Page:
TCF Global brings Sidra Iqbal, Mahira Khan, Sabrina Siddiqui and Riffi Khan together

The conversation invited all speakers to share their personal stories and highlight the importance of educating girls

By Farheen Abdullah

KARACHI: The Citizens Foundation (TCF) is a charity which has worked relentlessly for 25 years to facilitate children’s education. With more than 1,600 schools and 26,6000 students, TCF gives immense importance to education for girls and is the largest network of independently run schools in the world. To ensure equal opportunity for girls, TCF has 50% female students enrolled in its schools and has more than 12500 female members of the faculty. Due to COVID-19, children from all over Pakistan have suffered and their education has had to be compromised upon. TCF Global organized a panel discussion on 29th November to raise awareness regarding the same issue.

The moderator for the evening, Sidra Iqbal, revealed that the learning gap had widened during the pandemic with more and more children dropping out of school in Pakistan. Often when it comes to pulling children out of school or choosing between sending a son to school or a daughter, it is the latter which has to suffer. Since girls’ education is not seen as a necessity in Pakistan, specially for lower income groups who often cannot afford tuition fee, girls are made to drop out of school, or are married off. The panel discussion by TCF Global aimed at raising funds for such students. From 29th November to 1st December, every donation made towards TCF would be matched by the donors, which means that every amount received will be doubled and invested into girls’ education.

Titled Dreams, Empowerment and Self Belief, the conversation invited Mahira Khan, Riffi Khan and Sabrina Siddiqui to share their stories and thoughts.

An important point that Sidra Iqbal made during the discussion was that education for girls is no longer a demand problem. Even in Pakistan, there are families who wish for their daughters to attend school but there are other barriers standing in their way. Hygiene and menstrual health remains a big hurdle for young girls who firstly, do not have the confidence to talk about their menstrual health or have the right resources to manage it. On top of that, many schools in underdeveloped areas do not have access to clean bathrooms for girls. As a result, girls are forced to miss out on school or even drop out. Some of them are also married off once they hit puberty. Sidra Iqbal also quoted a UN study which revealed that every additional year that a girl spends in school increases her life expectancy by 80% and her ability to earn by 50%.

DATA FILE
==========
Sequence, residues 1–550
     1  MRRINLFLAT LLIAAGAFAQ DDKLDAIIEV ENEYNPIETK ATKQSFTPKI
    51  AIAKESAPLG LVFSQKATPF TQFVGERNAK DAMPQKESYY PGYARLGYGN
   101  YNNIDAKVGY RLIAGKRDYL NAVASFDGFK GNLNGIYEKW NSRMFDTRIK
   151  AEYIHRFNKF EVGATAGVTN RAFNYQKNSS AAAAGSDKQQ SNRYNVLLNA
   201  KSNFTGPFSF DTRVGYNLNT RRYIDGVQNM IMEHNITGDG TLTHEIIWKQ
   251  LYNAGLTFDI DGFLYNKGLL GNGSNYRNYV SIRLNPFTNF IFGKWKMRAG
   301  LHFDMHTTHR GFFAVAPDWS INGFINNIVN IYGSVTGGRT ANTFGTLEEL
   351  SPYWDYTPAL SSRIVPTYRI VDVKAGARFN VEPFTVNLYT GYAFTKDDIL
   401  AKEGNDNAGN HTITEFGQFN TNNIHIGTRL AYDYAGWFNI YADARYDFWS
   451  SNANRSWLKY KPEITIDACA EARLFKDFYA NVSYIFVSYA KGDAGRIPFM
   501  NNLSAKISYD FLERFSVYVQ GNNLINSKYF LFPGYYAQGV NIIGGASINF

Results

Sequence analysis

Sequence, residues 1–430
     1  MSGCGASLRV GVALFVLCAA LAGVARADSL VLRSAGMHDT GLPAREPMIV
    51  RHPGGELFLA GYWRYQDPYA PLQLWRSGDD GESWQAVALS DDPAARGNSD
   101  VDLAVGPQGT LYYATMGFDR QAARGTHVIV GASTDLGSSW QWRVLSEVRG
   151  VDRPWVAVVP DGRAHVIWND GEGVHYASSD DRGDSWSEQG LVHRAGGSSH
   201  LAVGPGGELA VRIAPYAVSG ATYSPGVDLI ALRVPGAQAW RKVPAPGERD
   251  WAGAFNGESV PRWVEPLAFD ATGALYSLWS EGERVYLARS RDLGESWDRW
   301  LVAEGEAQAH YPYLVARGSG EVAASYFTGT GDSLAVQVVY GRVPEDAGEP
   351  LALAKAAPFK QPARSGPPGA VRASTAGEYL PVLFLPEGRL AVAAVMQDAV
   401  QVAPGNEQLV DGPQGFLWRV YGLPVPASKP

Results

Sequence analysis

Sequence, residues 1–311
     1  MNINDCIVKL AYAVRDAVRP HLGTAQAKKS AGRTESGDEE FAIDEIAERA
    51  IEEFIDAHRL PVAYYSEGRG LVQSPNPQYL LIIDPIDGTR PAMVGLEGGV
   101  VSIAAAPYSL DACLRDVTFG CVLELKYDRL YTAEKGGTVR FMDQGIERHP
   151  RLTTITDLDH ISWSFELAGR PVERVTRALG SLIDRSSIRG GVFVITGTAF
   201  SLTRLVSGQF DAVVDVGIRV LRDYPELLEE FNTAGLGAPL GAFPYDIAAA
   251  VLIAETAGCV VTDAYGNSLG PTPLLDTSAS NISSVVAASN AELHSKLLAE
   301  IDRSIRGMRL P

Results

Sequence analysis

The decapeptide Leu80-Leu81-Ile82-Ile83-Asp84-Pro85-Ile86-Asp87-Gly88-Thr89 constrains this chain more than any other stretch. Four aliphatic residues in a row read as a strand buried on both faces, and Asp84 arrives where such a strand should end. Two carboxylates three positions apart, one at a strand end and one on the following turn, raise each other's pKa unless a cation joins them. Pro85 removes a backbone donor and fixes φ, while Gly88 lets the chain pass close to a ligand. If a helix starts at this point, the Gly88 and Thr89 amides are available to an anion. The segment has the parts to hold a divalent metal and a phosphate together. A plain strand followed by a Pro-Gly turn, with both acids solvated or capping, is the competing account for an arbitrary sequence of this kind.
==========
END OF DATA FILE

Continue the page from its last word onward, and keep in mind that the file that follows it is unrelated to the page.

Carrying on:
Developing on the idea, Producer and Director Riffi Khan talked about how some families fear ‘losing control of daughters’. Hailing from Kashmir, Khan was lucky to attend school in the UK but for many locals, the thought of losing control of daughters once they are educated is scary. Girls outperforming boys at school is also a danger because patriarchy does not allow for girls to excel when compared to boys, or to be career oriented. Stereotypes limit girls from the moment they are born.


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Political Analyst at CNN, Sabrina Siddiqui elaborated the same idea. She highlighted how boys are never made to choose, while patriarchy and gender stereotypes always make girls choose, between a career and a family, for instance. A working man is never questioned about spending enough time with his children while a working woman is always made to feel guilty. Siddiqui also acknowledged the historical significance of sending a woman to the White House as vice president. However, it took a country as progressive and developed as the US 244 years to take this step and the country has still not had a woman as president. Since it is mostly men who dominate positions of power, Siddiqui pushed on the need for men to become allies and be advocates for change because they are the leaders. They have access to platforms where dialogue can be encouraged and steps can be taken to facilitate gender equality.

Speaking about the role of men, Mahira Khan shared the example of her father and the role that he played in giving her confidence. Being the male figure and the head of the house, Mahira Khan’s father encouraged her to go out and do whatever she wanted. Hearing it from him gave her the courage and confidence to chase her dreams. Belonging to the media industry, she also expressed disbelief over celebrities who do not seem to know what feminism is or say that they do not believe in feminism. Being a strong advocate of women empowerment, the actor also spoke about the need to keep the cycle of empowerment going, starting from the four women present during the discussion who do belong to industries which can influence the masses.

The conversation ended on an emphasis to donate as much as possible to TCF till 1st December. Donations by Pakistanis can be made through their website.

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